First CCPA Enforcement Action by the California AG – Lessons Learned


The California Privacy Rights Act (CPRA) and other new state data privacy laws are set to take effect in 2023. If you needed an incentive to review your compliance obligations, the California Attorney General recently provided one in its $1.2 million settlement of an enforcement action under the California Consumer Privacy Act (CCPA), upon which the CPRA expands. Anyone with an e-commerce website should take heed.

Summary of the Enforcement Action. According to the California AG, Sephora, a French cosmetics brand, failed to disclose to consumers it was “selling” (a broadly defined term under the CCPA) their personal information; failed to honor user requests to opt out of sales via a user-enabled Global Privacy Control; and failed to cure these violations within the 30-day period allowed by the CCPA. In addition to the settlement amount, Sephora promised to report to the AG on its changes to its privacy regimen for a period of two years.

Sephora was sharing personal information of their customers with third-party advertising networks and analytics providers, as do most businesses conducting e-commerce. These providers, in turn, allowed Sephora to learn what kind of device customers were using, what was in their shopping carts, and their precise locations.

The California AG found a “sale” under the CCPA because Sephora gave these vendors access to its consumer data so it could receive free or discounted analytics and other advertising benefits, including “the valuable option to serve targeted advertisements to the same shopper on the analytics provider’s advertising network.”  

The AG further determined that these “sales” triggered Sephora’s obligations to inform consumers about the “selling” of their information and their opportunity to opt-out of the sales through a “Do Not Sell My Personal Information” button on the company’s website.

California AG Office Release:

Takeaways from the Enforcement Action. We now have a better idea of what the California AG considers “sale” of personal information under the CCPA, and what triggers a company’s “do not sell” compliance obligations under the law. Here are our key takeaways from the Sephora settlement:

  1. Evaluate “Sharing” vs. “Selling” Personal Information. Given that the AG considers “sales” to include the sharing of personal information with the Googles, Facebooks and other analytics companies of the world, you should look at who benefits from these arrangements. If the analytics company benefits from the exchange, then you may have a CCPA “sale” on your hands, in which case you need to reconsider your privacy policy and vendor agreements regarding consumer data.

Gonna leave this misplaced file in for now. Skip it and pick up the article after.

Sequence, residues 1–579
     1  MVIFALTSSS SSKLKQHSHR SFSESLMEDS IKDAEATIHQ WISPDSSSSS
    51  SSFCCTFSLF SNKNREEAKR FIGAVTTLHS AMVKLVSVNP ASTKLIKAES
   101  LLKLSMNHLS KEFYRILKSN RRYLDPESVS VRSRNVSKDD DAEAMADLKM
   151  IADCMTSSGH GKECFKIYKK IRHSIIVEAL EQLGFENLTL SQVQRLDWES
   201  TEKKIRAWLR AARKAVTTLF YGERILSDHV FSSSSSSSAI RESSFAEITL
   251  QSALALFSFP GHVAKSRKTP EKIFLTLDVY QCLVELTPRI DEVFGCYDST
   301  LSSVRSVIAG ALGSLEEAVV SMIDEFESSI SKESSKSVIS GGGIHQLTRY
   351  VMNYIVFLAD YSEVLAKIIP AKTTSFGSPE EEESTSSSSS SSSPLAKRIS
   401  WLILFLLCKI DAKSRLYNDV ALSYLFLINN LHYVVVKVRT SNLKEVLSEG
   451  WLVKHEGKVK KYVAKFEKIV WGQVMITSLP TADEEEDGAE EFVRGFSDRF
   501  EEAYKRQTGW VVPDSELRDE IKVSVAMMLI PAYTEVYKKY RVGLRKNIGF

2. Review your Cookies. Know what personal information you are collecting. Review your cookie policy and document the presence of any third-party cookie, pixel, or SDK on your website or mobile app.
  3. Update your Service Provider Agreements. The California AG noted that the alleged “sale” of personal information by Sephora could have been cured by having “valid service-provider contracts in place with each third party.” If you use vendors for analytics or ad targeting, make sure you have appropriate agreements restricting use of the consumer data and prohibiting uses that benefit the vendor or its other customers. Also, if you separately purchase the analytics services in exchange for money, independent of the sharing of data, it could arguably not be a “sale,” although the California AG may not agree with that approach.
  4. Become Familiar with the Global Privacy Control. The GPC acts as a global one-stop-shop mechanism to opt-out of data sales. The California AG has endorsed it, asserting that “[t]echnologies like the Global Privacy Control are a game changer for consumers looking to exercise their data privacy rights.” The AG specifically noted Sephora’s failure to recognize GPC as an opt-out request. If your website and cookies treat GPC requests as do-not-sell signals, you will be in accord with the AG’s expectations. It is not a panacea, however, as it is unclear whether browsers can accept the GPC opt-out by default or if affirmative action by a consumer is needed to enable the signal.
  5. Do Not Ignore the California Attorney General. The CCPA has a 30-day cure period. Sephora’s failure to respond to the California AG’s notice of non-compliance prompted the enforcement action. If you receive a notice of non-compliance, take timely steps to address the alleged problem.
  6. Operationalize Compliance. Now is a great time to make sure you fully comply with the CCPA and CPRA. Re-evaluate your privacy policies and notices for accuracy. Confirm you have appropriate data rights request processes in place. Review your websites and mobile apps, especially those that contain third-party trackers or other adtech solutions, to make sure they are adequately configured to monitor for and honor user-enabled opt-out preference signals, such as the GPC.

We will continue to monitor all global, federal, and state data privacy laws and enforcement actions and keep you informed of any suggested compliance activities.